Conduct 1:1 sessions

At first glance, spending dedicated time with one’s new manager may not exactly sound fun. However, such meetings provide an opportunity for newcomers to ask questions and learn things specifically important to them. These chats also are a great setting to talk about career paths, professional development, motivations, and outside interests. Managers can help connect individual roles to the company’s greater mission, and they can boost confidence through pep talks. All that personalized, positive attention IS fun!

*As part of our onboarding process, each new employee gets a one-hour 1-1 meeting with their manager,” says Cynthia Davies, founder and CEO of Cindy’s New Mexico LLC. “This helps to build the relationship from day one and is equally helpful for the manager and the employee. For managers, this hour helps them get to know the new employee on a personal level. They learn a bit more about their professional background and start to gain insight into their communication and working styles. For employees, it gives them a chance to get to know how their manager approaches leadership and helps them build a more personal connection. For both, it’s a good time to set expectations and start the new job off on the right foot.”

Host social events

Mark out time for new employees to enjoy the company of others. Interacting builds connections and feelings of belonging. Plus, the casual atmosphere provides a welcome respite from the pressures of learning their new roles.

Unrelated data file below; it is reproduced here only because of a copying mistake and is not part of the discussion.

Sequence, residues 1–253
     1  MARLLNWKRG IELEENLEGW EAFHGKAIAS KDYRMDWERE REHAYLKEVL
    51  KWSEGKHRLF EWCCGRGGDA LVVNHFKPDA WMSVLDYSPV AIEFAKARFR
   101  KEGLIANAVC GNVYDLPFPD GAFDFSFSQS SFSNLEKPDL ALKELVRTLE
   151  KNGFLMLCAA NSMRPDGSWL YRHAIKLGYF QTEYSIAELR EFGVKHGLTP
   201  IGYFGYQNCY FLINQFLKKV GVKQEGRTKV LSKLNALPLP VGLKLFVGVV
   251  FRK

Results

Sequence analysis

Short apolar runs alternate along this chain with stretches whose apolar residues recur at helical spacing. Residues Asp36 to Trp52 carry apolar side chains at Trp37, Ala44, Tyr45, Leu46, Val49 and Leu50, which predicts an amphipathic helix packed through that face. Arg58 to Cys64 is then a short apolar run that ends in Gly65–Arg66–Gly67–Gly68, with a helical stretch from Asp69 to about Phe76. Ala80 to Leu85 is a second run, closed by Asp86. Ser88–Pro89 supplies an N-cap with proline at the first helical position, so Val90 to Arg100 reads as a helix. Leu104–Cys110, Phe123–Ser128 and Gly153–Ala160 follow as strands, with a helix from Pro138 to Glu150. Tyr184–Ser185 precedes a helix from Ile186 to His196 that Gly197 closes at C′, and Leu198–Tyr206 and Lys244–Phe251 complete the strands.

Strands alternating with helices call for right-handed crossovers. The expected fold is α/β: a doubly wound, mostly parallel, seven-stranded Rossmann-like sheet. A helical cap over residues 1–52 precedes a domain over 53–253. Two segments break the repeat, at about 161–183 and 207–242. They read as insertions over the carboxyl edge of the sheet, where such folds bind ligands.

Treat the new hire and the rest of the team to a complimentary welcome lunch. Or, try this onboarding idea courtesy of Talia Knowles, HR specialist at “Throw an end-of-week mixer. End work an hour or two early, provide refreshments, and encourage employees to mingle with new hires. You could even facilitate a funny employee talent show with performances about life at your company to demonstrate culture, make new hires feel at home, and release any stress left over from the week. Not only does this event make new hires feel welcomed and at ease, but your other employees will enjoy the chance to unwind at the end of the week and have a chance to build relationships with new additions to the team.”

Distribute company swag

Finally, remember this simple sentiment: Everyone (including remote employees) likes free stuff! Mugs, mouse pads, magnets . . . anything with the company logo on it promotes a sense of being part of the team. If distributing t-shirts, ask the person’s preferred size beforehand in order to show that you care about their comfort.

Perhaps even go the extra mile to give a unique gift. At the online publication Foliage Friend, new employees receive a potted plant on their first day and are tasked with nurturing it.

“The Green Thumb Challenge is not just about caring for a plant; it symbolizes our commitment to growth, both personal and professional,” says chief marketing officer Juan Palacio. “As the new employees watch their plants flourish, we hope they’re reminded of their own growth within the organization. It’s a tangible representation of their journey with us, reinforcing the nurturing and supportive environment we strive to create.”